50. A method as recited in claim 44, in which said ultraviolet radiation is used to disinfect a surface.

51. A method as recited in claim 44, in which said ultraviolet radiation is used to disinfect an implement.

52. A method as recited in claim 44, comprising the additional steps of: providing an additional one of said enclosures; and operating said enclosures at less than full power to extend the useful lifetime of said enclosures.

53. A method as recited in claim 44, in which said enclosure is generally rectilinear.

54. A method as recited in claim 44, comprising the additional step of: coating a portion of the inside of said enclosure with a reflective layer.

55. A method as recited in claim 54, in which said reflective layer is also used as a conductor for power for said enclosure 54.

56. A method as recited in claim 44, comprising the additional step of: providing a plurality of enclosures for generating ultraviolet radiation for disinfection.

57. A method as recited in claim 44, in which said first and said second electrodes are configured in a generally cylindrical, spiral shape.

58. A method as recited in claim 54, in which said first and said second electrodes include a protuberance.

59. A method as recited in claim 44, in which said enclosure includes a sharp point.

60. A method comprising the steps of: supplying a sealed enclosure for providing illumination; said enclosure containing a plurality of molecules of a gas; said enclosure having an interior surface; said interior surface being at least partially coated with a light emitting substance; said enclosure including a first and a second electrode; applying a first electrical signal across said first and said second electrodes to excite some of said plurality of molecules of a gas and to produce an ionization channel within said enclosure; and applying a second electrical signal across said first and said second electrodes along with said first electrical signal to maintain said ionized cloud within a set of predetermined limits to optimize the production of visible light from said light emitting substance on said interior surface of said enclosure; said first electrical signal being a low voltage direct current applied across said first and said second electrodes; said first electrical signal being applied across said first and said second electrodes to stimulate the emission of photons from said ionized cloud within said sealed enclosure at high efficiency for a first period of time; continuing to apply said first electrical signal during said first period of time; applying said second electrical signal after the passage of said first period of time until said ionization channel in said cloud of gas degrades; said second electrical signal being a plurality of periodic pulses; each of said plurality of periodic pulses being applied for a second period of time; said second electrical signal having a higher voltage than said first electrical signal which maintains the effectiveness of said ionization channel within said sealed enclosure to provide higher photon production per total input power than would be provided using only said first electrical signal.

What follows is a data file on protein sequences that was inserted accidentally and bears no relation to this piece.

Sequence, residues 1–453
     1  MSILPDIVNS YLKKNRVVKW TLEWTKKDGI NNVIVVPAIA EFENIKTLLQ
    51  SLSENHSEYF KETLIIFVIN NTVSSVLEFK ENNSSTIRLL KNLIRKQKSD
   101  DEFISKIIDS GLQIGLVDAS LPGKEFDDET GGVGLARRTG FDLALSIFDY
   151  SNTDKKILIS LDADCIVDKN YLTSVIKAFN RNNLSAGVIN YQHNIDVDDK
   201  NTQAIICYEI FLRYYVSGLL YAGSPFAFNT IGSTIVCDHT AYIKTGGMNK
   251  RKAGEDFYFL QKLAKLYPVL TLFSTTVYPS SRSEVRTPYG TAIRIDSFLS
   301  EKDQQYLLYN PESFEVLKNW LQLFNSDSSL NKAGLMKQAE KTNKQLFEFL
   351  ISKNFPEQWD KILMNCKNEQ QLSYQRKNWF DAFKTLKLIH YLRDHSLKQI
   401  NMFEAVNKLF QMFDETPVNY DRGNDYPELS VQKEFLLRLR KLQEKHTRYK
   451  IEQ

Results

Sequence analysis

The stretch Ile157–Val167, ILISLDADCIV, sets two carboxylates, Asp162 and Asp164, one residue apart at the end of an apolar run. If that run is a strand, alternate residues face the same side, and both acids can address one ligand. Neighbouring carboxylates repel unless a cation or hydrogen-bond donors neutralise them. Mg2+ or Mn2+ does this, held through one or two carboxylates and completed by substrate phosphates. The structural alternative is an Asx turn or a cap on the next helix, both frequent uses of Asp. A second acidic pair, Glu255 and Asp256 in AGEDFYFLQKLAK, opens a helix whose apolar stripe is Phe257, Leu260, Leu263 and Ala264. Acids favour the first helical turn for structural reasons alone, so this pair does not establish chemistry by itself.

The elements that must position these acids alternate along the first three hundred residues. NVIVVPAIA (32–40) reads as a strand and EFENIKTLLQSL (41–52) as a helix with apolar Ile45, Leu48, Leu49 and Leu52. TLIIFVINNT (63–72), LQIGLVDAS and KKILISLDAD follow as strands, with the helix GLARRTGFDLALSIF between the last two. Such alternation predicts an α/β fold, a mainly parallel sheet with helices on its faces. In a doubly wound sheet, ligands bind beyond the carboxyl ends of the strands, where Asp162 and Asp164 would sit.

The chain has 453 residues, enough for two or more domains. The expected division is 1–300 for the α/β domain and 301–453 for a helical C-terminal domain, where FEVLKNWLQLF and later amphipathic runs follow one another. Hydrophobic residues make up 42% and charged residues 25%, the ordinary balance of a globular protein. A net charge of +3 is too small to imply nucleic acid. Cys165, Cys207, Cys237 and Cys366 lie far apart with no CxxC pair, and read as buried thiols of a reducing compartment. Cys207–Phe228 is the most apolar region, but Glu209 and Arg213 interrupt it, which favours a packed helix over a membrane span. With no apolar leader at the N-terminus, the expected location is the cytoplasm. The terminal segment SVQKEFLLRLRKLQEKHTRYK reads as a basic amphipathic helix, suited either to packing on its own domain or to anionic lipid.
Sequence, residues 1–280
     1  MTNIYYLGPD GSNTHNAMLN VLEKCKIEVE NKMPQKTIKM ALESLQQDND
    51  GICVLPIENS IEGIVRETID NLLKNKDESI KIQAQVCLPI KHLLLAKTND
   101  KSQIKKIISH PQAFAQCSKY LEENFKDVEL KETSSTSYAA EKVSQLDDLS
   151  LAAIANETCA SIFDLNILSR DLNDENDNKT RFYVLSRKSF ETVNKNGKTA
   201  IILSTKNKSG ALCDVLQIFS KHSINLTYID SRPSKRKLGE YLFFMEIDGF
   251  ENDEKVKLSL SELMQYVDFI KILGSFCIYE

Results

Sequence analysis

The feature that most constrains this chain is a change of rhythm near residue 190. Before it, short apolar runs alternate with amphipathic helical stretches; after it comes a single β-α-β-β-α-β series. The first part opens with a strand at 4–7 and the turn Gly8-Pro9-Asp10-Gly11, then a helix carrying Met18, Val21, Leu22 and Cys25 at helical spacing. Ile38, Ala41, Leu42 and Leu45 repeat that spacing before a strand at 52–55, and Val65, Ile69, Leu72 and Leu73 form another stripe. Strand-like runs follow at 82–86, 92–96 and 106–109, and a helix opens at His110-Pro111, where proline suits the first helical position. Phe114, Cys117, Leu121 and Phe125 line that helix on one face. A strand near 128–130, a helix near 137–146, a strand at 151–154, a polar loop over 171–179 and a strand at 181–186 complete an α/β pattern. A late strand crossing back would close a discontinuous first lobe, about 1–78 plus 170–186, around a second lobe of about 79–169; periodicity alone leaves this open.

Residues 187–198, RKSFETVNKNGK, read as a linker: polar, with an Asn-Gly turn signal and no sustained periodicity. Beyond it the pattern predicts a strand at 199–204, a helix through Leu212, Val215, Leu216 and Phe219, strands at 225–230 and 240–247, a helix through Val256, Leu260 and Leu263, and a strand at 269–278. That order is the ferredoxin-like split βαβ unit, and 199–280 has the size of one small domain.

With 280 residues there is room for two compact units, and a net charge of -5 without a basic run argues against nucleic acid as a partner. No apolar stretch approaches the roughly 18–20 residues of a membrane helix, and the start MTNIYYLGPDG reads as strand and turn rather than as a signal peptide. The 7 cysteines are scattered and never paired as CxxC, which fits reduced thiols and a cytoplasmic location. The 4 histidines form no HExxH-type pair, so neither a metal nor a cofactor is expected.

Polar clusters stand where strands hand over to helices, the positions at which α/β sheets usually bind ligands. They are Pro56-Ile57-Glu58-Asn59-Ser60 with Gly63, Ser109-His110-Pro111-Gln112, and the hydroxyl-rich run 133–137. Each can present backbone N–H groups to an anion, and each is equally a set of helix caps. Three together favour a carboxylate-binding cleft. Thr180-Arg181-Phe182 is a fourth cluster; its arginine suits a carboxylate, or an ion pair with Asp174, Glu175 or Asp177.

Description:

CROSS-REFERENCES TO PENDING PATENT APPLICATIONS & CLAIMS FOR PRIORITY

The Present patent application is a Continuation-in-Part patent application, and is related to:

Pending Parent patent application Ser. No. 12/456,714, filed on 19 Jun. 2009; and
Pending PCT International Patent Application No. PCT/US2010/001716, filed on 14 Jun. 2010.

The Applicants hereby claim the benefit of priority under Title 35 of the United States Code of Laws, Sections 119 and/or 120, for any and all subject matter which is commonly disclosed in the Present CIP patent application, and in either of the Parent and the PCT International Applications identified above.

The Applicants also incorporate all subject matter disclosed in the Parent and PCT International Applications identified above.

FIELD OF THE INVENTION

One embodiment of the present invention pertains to methods and apparatus for providing fluorescent lighting. More particularly, one embodiment of the invention comprises a method for stimulating and maintaining the efficient operation of a fluorescent tube. Another embodiment comprises an improved method for sterilizing water.

FEDERALLY SPONSORED RESEARCH OR DEVELOPMENT

None.

BACKGROUND OF THE INVENTION

Introduction

The Fluorescent Lamp

Over 500 million fluorescent lamps are sold in the United States every year. Sales of “fluorescent lumiline lamps” commenced in 1938, when four different sizes of tubes were introduced to the market. During the following year, General Electric and Westinghouse publicized the new lights through exhibitions at the New York

World's Fair and at the Golden Gate Exposition in San Francisco. Fluorescent lighting systems spread rapidly during World War II, as wartime manufacturing intensified lighting demand. By 1951, more light was produced in the United States by fluorescent lamps than by incandescent lamps.

How a Fluorescent Lamp Works

FIG. 1 depicts a generalized version of a conventional fluorescent lamp, which comprises a sealed glass tube filled with a gas that is maintained at very low pressure. When the gas is excited by applying an electrical current across the ends of the tube, particles generated by the excited gas strike the coating on the inside of the tube, and the coating emits visible light. (See GE Lighting, How It Works and Westinghouse Light Bulbs websites.)